Campaigners today gave a cautious welcome to a new council plan - which could mean all libraries in Sheffield stay open.
A funding pot of £262,000 in public health cash would be available from Sheffield Council to help volunteers run 10 facilities independently, if the proposal is agreed.
But residents who have fought to save their libraries from closure say they have fears about the challenges they may face.
Michael Davis, who is involved with the Friends of Greenhill Library, said the funding could create a ‘two-tier system’ of libraries - some council funded, others not.
“It’s a step forward but not far enough,” he said. “It’s an improvement, but it doesn’t seem a lot of money between the libraries over three years.”
Bob Mynors of Stannington and District Library Group said: “It’s still not the outcome we were hoping for, that the library remains under council management.
“But extra cash has got to be good news. If we weren’t confident we could run the library we wouldn’t have put a business plan in.”
Campaigner Gemma Short, of Walkley, said: “I think it’s good if all libraries stay open in some capacity - but it’s disappointing they are still looking to have them run by the community.”
Colin Taylor, of Save Ecclesfield Library, said councillors had ‘underestimated’ strength of feeling from residents who protested against plans to axe libraries in the wake of Government cuts.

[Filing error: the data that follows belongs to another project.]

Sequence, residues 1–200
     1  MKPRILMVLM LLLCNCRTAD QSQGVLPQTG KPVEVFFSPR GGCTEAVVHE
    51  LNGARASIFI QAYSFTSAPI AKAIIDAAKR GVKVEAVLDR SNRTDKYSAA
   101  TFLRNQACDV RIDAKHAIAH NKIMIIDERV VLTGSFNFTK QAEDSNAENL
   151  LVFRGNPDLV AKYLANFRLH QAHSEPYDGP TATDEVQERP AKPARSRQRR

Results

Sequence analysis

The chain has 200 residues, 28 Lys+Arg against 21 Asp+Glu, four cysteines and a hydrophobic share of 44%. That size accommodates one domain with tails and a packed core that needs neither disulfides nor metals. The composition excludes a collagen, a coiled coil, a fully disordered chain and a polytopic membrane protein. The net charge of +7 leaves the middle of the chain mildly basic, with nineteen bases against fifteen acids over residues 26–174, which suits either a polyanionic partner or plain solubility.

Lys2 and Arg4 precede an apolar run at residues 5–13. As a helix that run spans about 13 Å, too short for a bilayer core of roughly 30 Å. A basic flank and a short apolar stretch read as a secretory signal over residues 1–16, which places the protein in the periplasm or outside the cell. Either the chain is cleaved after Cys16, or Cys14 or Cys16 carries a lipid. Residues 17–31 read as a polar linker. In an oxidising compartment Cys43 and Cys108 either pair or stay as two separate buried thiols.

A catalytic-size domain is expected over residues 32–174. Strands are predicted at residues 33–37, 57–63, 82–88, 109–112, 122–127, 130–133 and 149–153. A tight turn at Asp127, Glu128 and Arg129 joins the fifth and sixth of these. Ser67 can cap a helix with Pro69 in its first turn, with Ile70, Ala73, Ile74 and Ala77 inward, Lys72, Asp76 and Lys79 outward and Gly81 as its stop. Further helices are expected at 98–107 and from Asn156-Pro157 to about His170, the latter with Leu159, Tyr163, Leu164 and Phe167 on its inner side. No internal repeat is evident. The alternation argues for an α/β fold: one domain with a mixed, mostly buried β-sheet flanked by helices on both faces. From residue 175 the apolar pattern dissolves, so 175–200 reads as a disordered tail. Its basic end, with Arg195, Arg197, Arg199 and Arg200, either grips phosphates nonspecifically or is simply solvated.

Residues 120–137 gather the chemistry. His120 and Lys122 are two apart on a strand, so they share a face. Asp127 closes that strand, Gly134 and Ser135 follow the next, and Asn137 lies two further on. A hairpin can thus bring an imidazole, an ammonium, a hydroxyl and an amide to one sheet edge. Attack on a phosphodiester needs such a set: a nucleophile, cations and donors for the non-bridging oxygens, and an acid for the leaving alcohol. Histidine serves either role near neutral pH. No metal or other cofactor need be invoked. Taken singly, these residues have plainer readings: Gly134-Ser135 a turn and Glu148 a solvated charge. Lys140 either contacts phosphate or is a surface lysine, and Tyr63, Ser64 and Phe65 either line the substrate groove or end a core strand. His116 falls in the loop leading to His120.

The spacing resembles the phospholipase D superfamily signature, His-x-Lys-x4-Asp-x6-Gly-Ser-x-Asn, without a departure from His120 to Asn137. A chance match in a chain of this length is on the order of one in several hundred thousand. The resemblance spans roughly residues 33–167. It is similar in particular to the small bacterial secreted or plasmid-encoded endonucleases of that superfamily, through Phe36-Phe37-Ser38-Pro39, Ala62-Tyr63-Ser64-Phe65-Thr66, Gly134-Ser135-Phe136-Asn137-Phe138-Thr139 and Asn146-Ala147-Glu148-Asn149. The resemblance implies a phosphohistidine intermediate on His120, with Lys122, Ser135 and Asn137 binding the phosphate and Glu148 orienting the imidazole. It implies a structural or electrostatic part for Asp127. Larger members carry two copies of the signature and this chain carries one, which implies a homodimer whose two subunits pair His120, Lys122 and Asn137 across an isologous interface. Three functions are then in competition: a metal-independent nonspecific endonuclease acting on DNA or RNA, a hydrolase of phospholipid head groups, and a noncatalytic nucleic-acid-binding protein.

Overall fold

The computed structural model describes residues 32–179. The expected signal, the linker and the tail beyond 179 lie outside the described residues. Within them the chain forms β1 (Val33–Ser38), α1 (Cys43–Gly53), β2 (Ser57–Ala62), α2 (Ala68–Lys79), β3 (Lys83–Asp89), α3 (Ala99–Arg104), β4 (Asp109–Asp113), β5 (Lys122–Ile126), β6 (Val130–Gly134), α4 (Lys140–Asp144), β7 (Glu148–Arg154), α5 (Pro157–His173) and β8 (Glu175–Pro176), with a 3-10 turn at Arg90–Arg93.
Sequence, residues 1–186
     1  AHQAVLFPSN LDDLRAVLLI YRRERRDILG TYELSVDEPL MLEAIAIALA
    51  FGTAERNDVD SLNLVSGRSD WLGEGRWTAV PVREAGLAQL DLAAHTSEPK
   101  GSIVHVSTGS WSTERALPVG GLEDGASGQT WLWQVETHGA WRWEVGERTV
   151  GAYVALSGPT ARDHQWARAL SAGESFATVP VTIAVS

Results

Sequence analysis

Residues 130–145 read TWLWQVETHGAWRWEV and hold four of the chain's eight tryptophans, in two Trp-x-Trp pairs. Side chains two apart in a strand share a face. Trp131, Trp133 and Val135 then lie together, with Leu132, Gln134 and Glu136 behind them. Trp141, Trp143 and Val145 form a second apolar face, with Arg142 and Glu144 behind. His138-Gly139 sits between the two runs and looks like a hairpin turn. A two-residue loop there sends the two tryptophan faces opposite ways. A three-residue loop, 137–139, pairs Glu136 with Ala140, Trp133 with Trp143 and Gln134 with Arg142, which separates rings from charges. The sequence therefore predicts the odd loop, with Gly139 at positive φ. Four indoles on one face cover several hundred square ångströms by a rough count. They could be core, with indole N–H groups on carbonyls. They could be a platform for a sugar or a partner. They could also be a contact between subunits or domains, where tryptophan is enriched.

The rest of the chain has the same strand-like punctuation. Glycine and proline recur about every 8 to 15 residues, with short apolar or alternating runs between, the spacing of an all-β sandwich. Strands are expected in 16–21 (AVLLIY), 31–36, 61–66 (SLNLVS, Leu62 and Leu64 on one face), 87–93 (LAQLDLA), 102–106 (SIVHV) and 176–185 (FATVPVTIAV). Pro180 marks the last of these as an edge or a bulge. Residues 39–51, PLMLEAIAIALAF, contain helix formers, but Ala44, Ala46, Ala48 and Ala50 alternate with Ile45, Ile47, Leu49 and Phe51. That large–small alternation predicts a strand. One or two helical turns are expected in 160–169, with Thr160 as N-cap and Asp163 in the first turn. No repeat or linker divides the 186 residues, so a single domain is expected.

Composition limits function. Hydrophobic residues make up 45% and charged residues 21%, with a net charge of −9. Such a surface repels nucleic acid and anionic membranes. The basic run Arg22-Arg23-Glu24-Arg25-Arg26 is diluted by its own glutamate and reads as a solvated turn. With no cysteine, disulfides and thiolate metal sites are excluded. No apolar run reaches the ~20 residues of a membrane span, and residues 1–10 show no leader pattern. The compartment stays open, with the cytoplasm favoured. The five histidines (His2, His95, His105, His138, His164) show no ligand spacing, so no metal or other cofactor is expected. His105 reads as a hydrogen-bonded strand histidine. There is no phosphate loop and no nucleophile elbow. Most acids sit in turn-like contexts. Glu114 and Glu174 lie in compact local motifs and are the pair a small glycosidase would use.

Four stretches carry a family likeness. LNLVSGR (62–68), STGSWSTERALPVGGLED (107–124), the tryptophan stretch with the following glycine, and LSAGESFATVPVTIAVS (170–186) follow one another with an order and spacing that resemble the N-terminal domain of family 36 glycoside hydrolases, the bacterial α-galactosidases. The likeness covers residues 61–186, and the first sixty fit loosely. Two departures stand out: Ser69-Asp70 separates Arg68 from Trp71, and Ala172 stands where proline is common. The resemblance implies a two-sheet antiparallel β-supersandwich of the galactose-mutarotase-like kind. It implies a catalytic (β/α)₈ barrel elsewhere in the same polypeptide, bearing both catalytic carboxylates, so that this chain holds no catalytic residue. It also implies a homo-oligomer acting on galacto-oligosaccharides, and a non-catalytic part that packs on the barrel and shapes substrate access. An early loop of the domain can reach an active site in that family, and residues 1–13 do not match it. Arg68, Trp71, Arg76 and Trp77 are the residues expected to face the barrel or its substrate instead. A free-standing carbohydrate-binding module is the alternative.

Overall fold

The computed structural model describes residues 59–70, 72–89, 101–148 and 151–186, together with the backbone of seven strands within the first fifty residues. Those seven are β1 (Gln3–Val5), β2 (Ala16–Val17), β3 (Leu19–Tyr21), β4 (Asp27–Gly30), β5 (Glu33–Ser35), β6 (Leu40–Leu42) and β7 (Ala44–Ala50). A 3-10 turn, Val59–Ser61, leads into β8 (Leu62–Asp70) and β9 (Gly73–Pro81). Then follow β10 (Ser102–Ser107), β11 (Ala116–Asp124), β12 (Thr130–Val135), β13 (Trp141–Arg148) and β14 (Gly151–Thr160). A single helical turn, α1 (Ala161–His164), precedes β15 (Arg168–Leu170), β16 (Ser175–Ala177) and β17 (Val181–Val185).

“Thousands of people have spoken and I’m glad that’s forced the council to act,” he said. “But we need guarantees libraries will not close.”
Under the new funding plan, revealed yesterday afternoon, Broomhill, Upperthorpe, Greenhill, Tinsley, Jordanthorpe, Ecclesfield, Stannington, Frecheville, Totley, Gleadless and Walkley libraries could all ‘bid’ for cash.
The council says each library has a business plan and cash could pay for running costs such as heating or volunteer training over three years.
Coun Mazher Iqbal, cabinet member for communities, said the proposal showed the council had ‘listened’ and acted on the 7,000 respondents’ views.
“This has always been about, ‘How do we keep as many libraries open in Sheffield as we can?’,” he said. “We are now recommending this extra investment to give community groups the chance to make a success of the independent libraries they will run.”
Another 12 sites will remain open as ‘key’ libraries, and five will be community-led, receiving council funding for two years.
Around 75 library staff would lose their jobs.
Coun David Baker, Sheffield Liberal Democrats’ spokesman for libraries, pointed out libraries still remain under threat of closure.
If the plans are agreed, the council will work with community groups to finalise business plans by June.